We passed China Beach (a famous R&R spot during the Vietnam War) and arrived at the Cham Museum. This museum is dedicated the Vietnam’s indigenous Cham people who were influenced by the Indian civilization. As soon as I started looking at the pictures of the various Cham holy places I knew we had seen them on our first visit to Nha Trang, Vietnam. The Cham were pushed out of northern and central Vietnam. For instance in 1469 the Vietnamese led a retaliatory strike and killed 60,000 and enslaved 30,000 Cham. In 1692 The Cham provinces were by the Nguyen warlords. Emperor Minh Mang (remember him?) annexed the remaining Cham Empire in 1832. Sound a lot like what the US did to our Indians.
Our final site with the tour guide was Marble Mountain. We chose to climb up 108 stone steps to Tam Quan Gate and looked down on all the marble business below.
The driver then left us at our hotel in Hoi An, founded in 1595 as a trading port. In the 18th century, Hội An was considered by Chinese and Japanese merchants to be the best destination for trading in all of Southeast Asia. The town has retained the majority of it’s buildings from the 1800’s only now they are selling to local tourist. Night time is when this city shines. Gary had a hard time with the dark. Should have brought the flashlight.
Nov 15 Hoi An is much different during the day - no happy crowds, no music coming from the bars/restaurants. This pretty bridge was first built in 1590 by the Japanese when Hoi An was one of the biggest trading ports in the region. Merchants ( Dutch, Portuguese, Japanese and Chinese) came from around the world to trade here.
In the afternoon we caught our flight out of Da Nang to Ho Chi Minh further south.
Nov 16 Ho Chi Min has really changed in the 19 year since our last visit. Instead of Bicycles (See above) and not many cars, now the street and sidewalks have motorcycles everywhere. The type of shops have changed. Today it is 7-11, stores for purses, high heel shoes and the local restaurants. What I remember is plastic everything. Our first site to see was the Remembrance Museum. It is very sad to look back and see the horror of war for both sides. Then we had a tour of the city with it’s French landmarks like the post office.
For dinner we walked to Soul restaurant and had a delicious meal.
Nov 17 The drive to the Mekong Delta took a couple of hours. Then we boarded a small boat (see above) to visit the Mekong Islands. It was all very educational learning about the cottage industries: hearing traditional songs, growing the wood ear mushroom for the Japanese, seeing the bee hives and their honey, the weaving of many different items from the plants that grow in the river, coconut candy, popping rice, and making rice whiskey which tasted a whole lot better than the Laos rice whiskey. We even got to share a toast with the father of the bride at a wedding reception.
The boat then motored us to our lunch location but before lunch we had a 20 min. bike ride in an island neighborhood. The small children would yell out “hello’ in their squeaky voices. We had to make a Vietnamese pancake for our lunch. Delicious if I do say so myself.
Our hotel was a huge building right on the river with a great view.
Nov 18 The boat motored us to the Cai Rang floating market. It took a few questions to finally figure out that this is a wholesale market selling to local merchants. Buying items is done on a large scale.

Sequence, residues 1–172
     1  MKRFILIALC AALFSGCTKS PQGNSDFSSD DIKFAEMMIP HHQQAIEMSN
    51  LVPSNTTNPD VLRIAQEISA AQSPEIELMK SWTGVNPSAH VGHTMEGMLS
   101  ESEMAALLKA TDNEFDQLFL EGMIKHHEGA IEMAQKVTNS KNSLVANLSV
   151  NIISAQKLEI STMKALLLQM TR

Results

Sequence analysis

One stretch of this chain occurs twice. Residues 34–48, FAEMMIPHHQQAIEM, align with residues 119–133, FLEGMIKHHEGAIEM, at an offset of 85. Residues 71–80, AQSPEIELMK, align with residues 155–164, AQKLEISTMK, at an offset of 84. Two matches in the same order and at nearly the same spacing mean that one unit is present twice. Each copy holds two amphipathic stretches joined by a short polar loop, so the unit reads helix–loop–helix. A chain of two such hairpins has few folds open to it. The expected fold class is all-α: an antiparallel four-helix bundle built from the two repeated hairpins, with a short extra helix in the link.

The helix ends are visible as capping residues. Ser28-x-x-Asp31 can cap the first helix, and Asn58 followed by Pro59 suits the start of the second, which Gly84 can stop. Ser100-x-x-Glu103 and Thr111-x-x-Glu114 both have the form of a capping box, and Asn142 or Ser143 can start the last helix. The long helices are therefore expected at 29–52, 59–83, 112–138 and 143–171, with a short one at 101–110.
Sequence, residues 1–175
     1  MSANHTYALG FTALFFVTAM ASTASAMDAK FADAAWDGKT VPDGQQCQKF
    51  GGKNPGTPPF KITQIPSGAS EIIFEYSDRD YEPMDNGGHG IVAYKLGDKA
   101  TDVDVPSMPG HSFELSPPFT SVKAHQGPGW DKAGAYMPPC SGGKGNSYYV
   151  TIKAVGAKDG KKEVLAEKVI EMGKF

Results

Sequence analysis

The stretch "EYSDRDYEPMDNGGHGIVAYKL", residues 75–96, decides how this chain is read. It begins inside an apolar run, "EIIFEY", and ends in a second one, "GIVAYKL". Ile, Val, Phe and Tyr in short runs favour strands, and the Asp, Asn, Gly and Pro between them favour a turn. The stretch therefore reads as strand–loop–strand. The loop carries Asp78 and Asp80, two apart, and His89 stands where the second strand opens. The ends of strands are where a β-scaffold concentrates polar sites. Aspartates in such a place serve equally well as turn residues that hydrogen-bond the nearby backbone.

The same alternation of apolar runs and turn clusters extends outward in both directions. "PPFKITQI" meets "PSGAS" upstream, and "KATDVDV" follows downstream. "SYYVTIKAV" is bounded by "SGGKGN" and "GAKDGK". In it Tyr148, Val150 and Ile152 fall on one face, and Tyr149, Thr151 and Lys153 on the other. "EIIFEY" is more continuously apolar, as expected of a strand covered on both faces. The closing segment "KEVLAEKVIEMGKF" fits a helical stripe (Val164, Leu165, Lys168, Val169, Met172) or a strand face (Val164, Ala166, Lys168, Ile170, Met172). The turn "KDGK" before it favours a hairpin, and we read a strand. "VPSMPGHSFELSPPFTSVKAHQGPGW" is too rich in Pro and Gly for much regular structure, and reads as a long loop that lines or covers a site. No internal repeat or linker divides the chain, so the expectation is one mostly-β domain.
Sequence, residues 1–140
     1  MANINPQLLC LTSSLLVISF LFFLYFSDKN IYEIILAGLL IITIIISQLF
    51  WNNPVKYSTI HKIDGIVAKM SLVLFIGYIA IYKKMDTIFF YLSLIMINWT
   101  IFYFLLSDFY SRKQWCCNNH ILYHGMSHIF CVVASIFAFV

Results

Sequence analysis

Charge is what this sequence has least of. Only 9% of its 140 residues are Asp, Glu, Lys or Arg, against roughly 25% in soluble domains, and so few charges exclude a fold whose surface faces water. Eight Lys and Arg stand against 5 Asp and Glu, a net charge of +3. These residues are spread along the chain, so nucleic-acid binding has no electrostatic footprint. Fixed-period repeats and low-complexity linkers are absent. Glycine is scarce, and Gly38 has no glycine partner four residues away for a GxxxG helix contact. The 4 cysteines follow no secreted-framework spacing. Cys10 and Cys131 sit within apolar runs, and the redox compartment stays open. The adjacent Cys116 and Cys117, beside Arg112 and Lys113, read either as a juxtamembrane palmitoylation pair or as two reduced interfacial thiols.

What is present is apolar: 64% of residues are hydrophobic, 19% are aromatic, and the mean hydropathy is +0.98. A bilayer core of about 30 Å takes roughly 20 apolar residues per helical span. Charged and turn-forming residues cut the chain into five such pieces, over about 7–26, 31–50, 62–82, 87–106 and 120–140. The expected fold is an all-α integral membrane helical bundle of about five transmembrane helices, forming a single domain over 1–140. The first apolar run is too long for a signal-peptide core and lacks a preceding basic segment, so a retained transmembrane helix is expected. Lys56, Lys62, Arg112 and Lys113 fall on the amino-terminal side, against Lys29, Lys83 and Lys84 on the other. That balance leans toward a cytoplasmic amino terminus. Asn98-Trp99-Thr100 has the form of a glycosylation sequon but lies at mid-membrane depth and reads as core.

The retailers knew what was being sold by the item hanging on the pole placed at the bow of the boat. The larger products were tossed from boat to boat, (Watermelon), while smaller products, (onions), were in large bags. The market starts at 2 am and goes on until the wholesaler has sold everything. Then the wholesaler goes to one of his farmers and buys what the farmer is selling while the merchant goes back to his retail store. It’s all about relationships.
The next adventure was to learn how to make dried noodles: a paste of water and rice powder is made, poured onto a hot surface to steam. The limp rice paper is moved to bamboo to dry in the sun for 3 days. The firm rice paper is then cut into noodles. Simple.
We then had lunch and a quick visit to a market and then it was the drive back to Saigon and our Airbnb apartment. The apartment was located in the 4th district and right on a tributary of the Saigon river. The view from floor 16 was beautiful both day and night with all of the lighted decorations.
Nov 19 - 29 Our days have definitely slowed down. I caught up on my Laos and Vietnam journal and deleted photos which are now in the cloud.
We have made several trips to the “locals” food market. Gary only wanted 10 shrimp but we ended up with 1 kilo of shrimp. That was fine as we frozen them for other meals. We bought a live fish where the lady promptly smashed a wooden mallet on the head of the fish to kill it. She then expertly gutted and scaled the fish. We have gone to two different vendors for vegetables - share the wealth. I find this very exciting, we don’t speak the language but they have learned to take out of their pocket the cost of the items we are buying. I’m sure we are paying more but everyone is happy.
Gary found 2 Vietnamese recipes which were delicious. I think Vietnam has a better fish sauce than Thailand.
We walked to Dong Khoi St. It is the upscale side of Ho Chi Minh. We didn’t get far when we decided to have a very late lunch at SH Garden. It was on the second floor and the windows were wide open and the weather was perfect.
We had soft shell crab pan fried with green rice. Think of rice krispies instead of green rice. The main course was Snakehead fish. We took the rice paper and softened it with water. In the middle of the paper we put lettuce, basil, cucumber, the stem of something??? which had a great crunch, noodles and fish. The paper is rolled up around the ingredients to make a spring roll. Dip it in the flavored fish sauce and eat. Yummy but messy. Luckily we had been served a meal like this before so we knew what to do. After lunch we visited the Mart across the street. It wasn’t a grocery store as no produce. It seemed like a discount store with American liquor and prepared food upstairs and clothes downstairs. We bought a few food/liquor items and walked back to the apartment.